If you’ve been using methadone for opioid replacement therapy or have been on long-term methadone use, it IS possible to get off this highly addictive pharmaceutical drug.
If you are a parent or loved one of someone whose life has become unmanageable or affected by long-term methadone use, an opioid addiction treatment program may be the answer you seek.
Some of the more potent side effects of long-term use include:
- Drowsiness or sedation
- Chronic constipation
- Heart rate too fast or too slow (tachycardia/bradycardia)
- Itchy skin rash
- Slow, shallow breathing (respiratory depression)
These symptoms are often signs of toxicity related to methadone, Suboxone, naloxone, Subutex and other opioid use. Too high a concentration or too frequent a dosing schedule of opiates can cause severe side effects leading to serious medical conditions such as, overdose and even death.
How to Quit Methadone Addiction
Getting off methadone, or other forms of long-term opioid replacement therapy, is not easy. However, with the right help and a safe place, it is possible to quit. In fact, despite the fact that methadone and buprenorphine use is increasing, there are people breaking free from the addiction.
Whether you or your loved one is addicted to or dependent on an opioid – whether it be from outright abuse, or for pain relief – you can get clean. Whether the addiction came about because of maintenance or it’s been used for replacement therapy, you can have a better life without drugs.
It’s a process. It’s tough work. It doesn’t happen overnight. Harmony Place can make it easier by being a safe and “Comfortable Place to Do Hard Work,” as we often say.
Recovery Environment Necessities
Quitting drugs like methadone or Suboxone is challenging, so we do NOT recommend anyone attempt it alone. Only in a qualified, professional rehabilitation center is it safe to detox from these opioids.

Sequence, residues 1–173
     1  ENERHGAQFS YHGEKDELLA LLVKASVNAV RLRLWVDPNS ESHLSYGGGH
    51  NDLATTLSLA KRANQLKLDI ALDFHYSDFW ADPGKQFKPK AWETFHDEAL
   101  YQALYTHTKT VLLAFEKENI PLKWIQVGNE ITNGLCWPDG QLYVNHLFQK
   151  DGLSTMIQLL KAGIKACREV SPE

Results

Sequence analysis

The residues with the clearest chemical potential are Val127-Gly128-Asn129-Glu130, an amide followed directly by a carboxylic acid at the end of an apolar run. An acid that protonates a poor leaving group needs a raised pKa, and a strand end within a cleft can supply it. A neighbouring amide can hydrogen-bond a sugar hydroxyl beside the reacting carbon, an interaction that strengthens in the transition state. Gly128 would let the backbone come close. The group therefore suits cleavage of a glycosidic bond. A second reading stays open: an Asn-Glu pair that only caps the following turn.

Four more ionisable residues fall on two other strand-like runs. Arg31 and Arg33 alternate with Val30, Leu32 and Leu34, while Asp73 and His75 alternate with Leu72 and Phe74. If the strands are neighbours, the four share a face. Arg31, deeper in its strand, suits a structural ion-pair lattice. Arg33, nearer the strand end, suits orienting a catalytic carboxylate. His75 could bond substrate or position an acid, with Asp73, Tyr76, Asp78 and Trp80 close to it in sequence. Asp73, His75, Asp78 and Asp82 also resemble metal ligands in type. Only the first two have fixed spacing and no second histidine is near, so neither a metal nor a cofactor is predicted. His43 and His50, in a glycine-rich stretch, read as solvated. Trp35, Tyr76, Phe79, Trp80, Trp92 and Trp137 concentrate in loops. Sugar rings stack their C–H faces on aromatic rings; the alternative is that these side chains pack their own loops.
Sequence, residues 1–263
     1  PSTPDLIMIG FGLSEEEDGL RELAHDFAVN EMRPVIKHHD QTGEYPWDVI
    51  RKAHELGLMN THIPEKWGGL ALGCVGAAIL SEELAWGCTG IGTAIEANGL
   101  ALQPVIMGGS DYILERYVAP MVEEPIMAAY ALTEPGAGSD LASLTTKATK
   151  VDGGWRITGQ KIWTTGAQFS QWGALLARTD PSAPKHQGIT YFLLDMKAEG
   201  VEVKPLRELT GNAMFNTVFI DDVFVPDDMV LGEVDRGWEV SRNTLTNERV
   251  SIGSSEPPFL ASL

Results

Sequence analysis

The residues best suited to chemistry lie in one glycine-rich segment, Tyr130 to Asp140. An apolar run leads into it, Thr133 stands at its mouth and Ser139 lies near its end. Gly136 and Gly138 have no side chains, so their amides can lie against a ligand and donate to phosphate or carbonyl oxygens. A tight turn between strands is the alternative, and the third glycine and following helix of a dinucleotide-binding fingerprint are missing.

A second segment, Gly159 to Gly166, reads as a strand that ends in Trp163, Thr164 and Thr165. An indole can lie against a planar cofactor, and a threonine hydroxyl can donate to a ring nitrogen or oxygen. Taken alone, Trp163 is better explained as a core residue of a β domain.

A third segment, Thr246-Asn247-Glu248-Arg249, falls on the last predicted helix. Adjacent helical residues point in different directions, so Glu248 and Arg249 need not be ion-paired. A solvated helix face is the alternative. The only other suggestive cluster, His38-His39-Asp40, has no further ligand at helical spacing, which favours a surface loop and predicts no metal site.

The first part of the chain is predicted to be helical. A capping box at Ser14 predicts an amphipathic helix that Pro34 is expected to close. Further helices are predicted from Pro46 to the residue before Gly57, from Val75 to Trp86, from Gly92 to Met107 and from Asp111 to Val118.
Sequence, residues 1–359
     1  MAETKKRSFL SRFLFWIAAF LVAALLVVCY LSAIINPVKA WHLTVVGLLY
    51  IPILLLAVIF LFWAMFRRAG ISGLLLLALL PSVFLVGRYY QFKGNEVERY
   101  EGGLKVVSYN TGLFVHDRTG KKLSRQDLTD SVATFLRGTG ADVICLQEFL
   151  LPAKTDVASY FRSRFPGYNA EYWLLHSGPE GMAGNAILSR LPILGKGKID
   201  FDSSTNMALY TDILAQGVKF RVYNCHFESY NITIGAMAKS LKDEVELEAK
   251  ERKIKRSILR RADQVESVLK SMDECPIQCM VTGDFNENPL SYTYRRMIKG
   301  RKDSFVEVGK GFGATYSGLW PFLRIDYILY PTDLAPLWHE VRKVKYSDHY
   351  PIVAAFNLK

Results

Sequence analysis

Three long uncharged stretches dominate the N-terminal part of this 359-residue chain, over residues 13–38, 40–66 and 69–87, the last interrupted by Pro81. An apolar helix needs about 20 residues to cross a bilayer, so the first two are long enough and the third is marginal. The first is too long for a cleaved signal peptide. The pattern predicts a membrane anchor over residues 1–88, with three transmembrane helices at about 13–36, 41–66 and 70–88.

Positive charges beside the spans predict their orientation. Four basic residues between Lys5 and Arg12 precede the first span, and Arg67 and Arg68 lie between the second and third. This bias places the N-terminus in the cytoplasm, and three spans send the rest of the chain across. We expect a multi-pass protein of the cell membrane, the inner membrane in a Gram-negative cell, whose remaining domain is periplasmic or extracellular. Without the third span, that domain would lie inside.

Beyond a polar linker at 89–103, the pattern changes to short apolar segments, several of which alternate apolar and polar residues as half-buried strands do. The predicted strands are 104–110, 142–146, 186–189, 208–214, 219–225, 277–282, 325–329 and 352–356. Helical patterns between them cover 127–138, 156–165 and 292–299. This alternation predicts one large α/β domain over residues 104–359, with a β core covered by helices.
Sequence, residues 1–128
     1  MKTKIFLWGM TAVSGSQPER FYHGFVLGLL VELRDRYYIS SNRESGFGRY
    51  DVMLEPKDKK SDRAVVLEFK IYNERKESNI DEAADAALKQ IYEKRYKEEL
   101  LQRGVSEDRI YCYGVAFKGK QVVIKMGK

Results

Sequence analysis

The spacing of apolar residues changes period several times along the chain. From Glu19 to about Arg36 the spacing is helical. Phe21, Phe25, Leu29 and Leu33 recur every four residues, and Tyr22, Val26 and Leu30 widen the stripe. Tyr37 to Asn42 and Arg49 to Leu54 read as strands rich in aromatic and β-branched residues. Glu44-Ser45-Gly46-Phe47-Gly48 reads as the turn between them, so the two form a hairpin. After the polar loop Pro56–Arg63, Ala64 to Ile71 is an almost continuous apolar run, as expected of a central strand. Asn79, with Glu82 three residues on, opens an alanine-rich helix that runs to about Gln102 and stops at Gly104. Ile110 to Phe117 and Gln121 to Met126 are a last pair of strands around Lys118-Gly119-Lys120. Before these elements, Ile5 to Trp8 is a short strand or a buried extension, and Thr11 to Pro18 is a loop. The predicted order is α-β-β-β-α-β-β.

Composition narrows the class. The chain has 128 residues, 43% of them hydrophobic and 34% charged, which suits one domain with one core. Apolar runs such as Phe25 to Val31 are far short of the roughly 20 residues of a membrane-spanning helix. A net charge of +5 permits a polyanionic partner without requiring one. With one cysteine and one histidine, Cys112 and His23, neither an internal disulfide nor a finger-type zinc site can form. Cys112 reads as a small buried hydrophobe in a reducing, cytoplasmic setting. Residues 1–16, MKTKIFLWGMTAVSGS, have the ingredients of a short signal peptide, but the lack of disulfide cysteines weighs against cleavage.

Serious consequences from detoxing without medical supervision can include:
- Brain damage
Detoxing by yourself can do more harm than help, so finding a comfortable recovery environment, like Harmony Place, allows people to detox and remove the drugs from their system safely.
In addition to detox, it is critical to complete therapeutic work. Successful recovery requires a safe, healing environment.
Detox in Rehab
People wonder how methadone and Suboxone are used in rehab. If facilities are simply replacing one drug for another, what is the good in that?
The reality is, Suboxone and Subutex (often referred to as “Subs”) are commonly used during rehab. The reason is that it is imperative that a client go through withdrawal from opioids through a tapered dosing strategy to ensure safety, until they are ready to be completely weaned off of all opioids.
People also wonder if it’s possible to quit methadone without going through withdrawal. While most people experience some withdrawal symptoms, the majority of these symptoms can be controlled with medication-assisted therapy (MAT).
A physical addiction to methadone doesn’t take long to develop, and withdrawal symptoms usually start within 24 hours of their last use.
MAT for Opioid Dependence
The goals of using replacement medication to detox someone from heroin or other strong opioids are:
- Titrate to a dose that prevents significant opioid withdrawal.
- Reduce the patient’s hunger and craving for their addictive drug of choice.
- Block the euphoric effects of self-medicated opioids.